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Puffing on a first cigarette is a rite of passage for many teenagers, but whether it is enjoyable may be partly down to genetics, researchers suggest.
University of Michigan scientists have identified a gene variant found more often in people who said their first cigarette produced a "buzz".
These people were much more likely to go on to become regular smokers, the journal Addiction reports.
The researchers say the finding may help development of anti-smoking drugs.
A person's decision to smoke for the first time, or carry on smoking, is not thought to be governed solely by his or her genes, but a mixture of genes, environmental factors and social pressures.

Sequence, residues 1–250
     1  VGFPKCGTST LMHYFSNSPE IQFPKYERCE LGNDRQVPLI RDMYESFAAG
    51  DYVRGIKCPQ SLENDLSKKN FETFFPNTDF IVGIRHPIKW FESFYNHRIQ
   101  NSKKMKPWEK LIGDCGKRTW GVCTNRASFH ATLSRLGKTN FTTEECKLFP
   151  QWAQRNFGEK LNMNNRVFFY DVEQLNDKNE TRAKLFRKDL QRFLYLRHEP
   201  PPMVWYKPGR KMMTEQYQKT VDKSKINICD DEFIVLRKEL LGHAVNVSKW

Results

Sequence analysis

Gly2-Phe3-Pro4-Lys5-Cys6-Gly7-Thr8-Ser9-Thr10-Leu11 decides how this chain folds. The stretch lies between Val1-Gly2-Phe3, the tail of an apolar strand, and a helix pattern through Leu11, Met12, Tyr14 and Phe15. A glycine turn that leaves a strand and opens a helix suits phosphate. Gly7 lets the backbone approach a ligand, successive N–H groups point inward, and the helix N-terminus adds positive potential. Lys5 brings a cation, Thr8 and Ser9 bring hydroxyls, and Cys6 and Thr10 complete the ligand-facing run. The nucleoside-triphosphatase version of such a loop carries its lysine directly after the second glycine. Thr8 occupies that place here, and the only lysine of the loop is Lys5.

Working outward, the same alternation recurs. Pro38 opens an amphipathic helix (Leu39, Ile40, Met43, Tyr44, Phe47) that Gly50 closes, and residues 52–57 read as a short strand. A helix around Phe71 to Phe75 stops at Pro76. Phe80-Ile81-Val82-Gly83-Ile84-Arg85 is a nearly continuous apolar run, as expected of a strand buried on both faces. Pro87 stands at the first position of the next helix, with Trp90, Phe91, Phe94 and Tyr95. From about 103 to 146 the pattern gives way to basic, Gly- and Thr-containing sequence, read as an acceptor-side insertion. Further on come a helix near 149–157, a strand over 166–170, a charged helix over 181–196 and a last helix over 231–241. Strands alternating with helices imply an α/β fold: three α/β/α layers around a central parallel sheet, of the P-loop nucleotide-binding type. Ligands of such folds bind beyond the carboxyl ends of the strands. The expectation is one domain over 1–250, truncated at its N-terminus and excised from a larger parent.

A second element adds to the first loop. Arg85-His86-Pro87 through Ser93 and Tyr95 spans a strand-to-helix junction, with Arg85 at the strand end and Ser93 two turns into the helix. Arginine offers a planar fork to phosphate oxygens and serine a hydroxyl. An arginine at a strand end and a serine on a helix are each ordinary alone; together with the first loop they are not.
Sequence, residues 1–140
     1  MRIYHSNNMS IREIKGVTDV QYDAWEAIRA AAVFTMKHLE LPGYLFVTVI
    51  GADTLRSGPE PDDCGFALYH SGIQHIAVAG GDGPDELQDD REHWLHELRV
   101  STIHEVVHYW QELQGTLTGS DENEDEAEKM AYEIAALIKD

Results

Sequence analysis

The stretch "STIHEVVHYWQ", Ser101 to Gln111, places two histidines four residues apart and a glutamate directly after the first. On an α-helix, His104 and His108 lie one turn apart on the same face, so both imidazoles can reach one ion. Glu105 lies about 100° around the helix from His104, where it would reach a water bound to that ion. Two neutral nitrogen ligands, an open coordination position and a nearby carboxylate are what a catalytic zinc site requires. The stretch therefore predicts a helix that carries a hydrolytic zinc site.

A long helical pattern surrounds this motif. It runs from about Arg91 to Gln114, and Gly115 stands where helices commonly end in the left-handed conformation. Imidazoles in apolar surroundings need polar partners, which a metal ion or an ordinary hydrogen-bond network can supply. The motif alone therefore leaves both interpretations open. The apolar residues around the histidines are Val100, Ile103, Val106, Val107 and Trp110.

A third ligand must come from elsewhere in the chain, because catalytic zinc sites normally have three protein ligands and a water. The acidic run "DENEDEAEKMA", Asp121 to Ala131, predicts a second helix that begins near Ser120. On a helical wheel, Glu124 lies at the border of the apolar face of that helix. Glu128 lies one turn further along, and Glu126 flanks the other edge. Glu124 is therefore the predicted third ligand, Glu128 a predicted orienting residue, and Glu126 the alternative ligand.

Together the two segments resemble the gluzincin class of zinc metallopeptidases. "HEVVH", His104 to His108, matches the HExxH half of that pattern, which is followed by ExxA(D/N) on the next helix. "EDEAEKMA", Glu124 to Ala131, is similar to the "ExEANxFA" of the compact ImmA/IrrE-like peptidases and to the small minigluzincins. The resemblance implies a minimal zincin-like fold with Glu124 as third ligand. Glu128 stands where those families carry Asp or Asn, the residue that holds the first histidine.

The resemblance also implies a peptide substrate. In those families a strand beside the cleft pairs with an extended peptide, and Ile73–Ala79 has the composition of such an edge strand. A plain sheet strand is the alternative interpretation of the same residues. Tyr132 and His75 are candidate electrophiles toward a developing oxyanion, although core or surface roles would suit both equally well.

However, scientists are hoping that by cracking the genetic secrets of nicotine addiction, they could make it easier for people to wean themselves off cigarettes, or even stop them taking up the habit in the first place.
The gene in question, CHRNA5, has already been highlighted by other studies into nicotine addiction, and it has been suggested that it could increase a smoker's chance of developing lung cancer.
The Michigan research, however, suggests that it could be at work from the very first instance of exposure to nicotine.
Genetic data was obtained from 435 volunteers, some of whom were regular smokers, and some who had tried cigarettes but were not currently smokers.
They were quizzed about how they felt about their first smoking experience.